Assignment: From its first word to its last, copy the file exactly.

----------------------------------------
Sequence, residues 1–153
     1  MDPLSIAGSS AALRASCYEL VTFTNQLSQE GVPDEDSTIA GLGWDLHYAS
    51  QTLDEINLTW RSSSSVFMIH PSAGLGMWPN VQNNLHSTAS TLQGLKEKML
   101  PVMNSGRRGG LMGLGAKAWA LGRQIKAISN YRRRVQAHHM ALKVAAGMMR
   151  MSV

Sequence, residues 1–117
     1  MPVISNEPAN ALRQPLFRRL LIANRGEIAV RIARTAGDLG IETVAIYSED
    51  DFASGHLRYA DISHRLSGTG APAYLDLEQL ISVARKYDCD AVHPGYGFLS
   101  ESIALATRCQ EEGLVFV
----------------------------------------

Sequence, residues 1–153
     1  MDPLSIAGSS AALRASCYEL VTFTNQLSQE GVPDEDSTIA GLGWDLHYAS
    51  QTLDEINLTW RSSSSVFMIH PSAGLGMWPN VQNNLHSTAS TLQGLKEKML
   101  PVMNSGRRGG LMGLGAKAWA LGRQIKAISN YRRRVQAHHM ALKVAAGMMR
   151  MSV

Sequence, residues 1–117
     1  MPVISNEPAN ALRQPLFRRL LIANRGEIAV RIARTAGDLG IETVAIYSED
    51  DFASGHLRYA DISHRLSGTG APAYLDLEQL ISVARKYDCD AVHPGYGFLS
   101  ESIALATRCQ EEGLVFV